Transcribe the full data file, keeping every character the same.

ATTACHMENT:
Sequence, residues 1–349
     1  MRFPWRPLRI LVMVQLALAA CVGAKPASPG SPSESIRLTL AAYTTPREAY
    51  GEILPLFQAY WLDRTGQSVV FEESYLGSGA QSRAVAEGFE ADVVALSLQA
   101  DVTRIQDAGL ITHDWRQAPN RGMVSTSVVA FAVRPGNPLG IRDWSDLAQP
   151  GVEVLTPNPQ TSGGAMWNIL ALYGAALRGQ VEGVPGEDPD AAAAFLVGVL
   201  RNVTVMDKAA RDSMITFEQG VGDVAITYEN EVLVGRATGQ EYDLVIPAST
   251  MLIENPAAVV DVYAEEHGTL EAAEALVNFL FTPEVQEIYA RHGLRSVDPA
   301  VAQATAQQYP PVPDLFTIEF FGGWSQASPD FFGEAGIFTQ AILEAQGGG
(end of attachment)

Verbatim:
Sequence, residues 1–349
     1  MRFPWRPLRI LVMVQLALAA CVGAKPASPG SPSESIRLTL AAYTTPREAY
    51  GEILPLFQAY WLDRTGQSVV FEESYLGSGA QSRAVAEGFE ADVVALSLQA
   101  DVTRIQDAGL ITHDWRQAPN RGMVSTSVVA FAVRPGNPLG IRDWSDLAQP
   151  GVEVLTPNPQ TSGGAMWNIL ALYGAALRGQ VEGVPGEDPD AAAAFLVGVL
   201  RNVTVMDKAA RDSMITFEQG VGDVAITYEN EVLVGRATGQ EYDLVIPAST
   251  MLIENPAAVV DVYAEEHGTL EAAEALVNFL FTPEVQEIYA RHGLRSVDPA
   301  VAQATAQQYP PVPDLFTIEF FGGWSQASPD FFGEAGIFTQ AILEAQGGG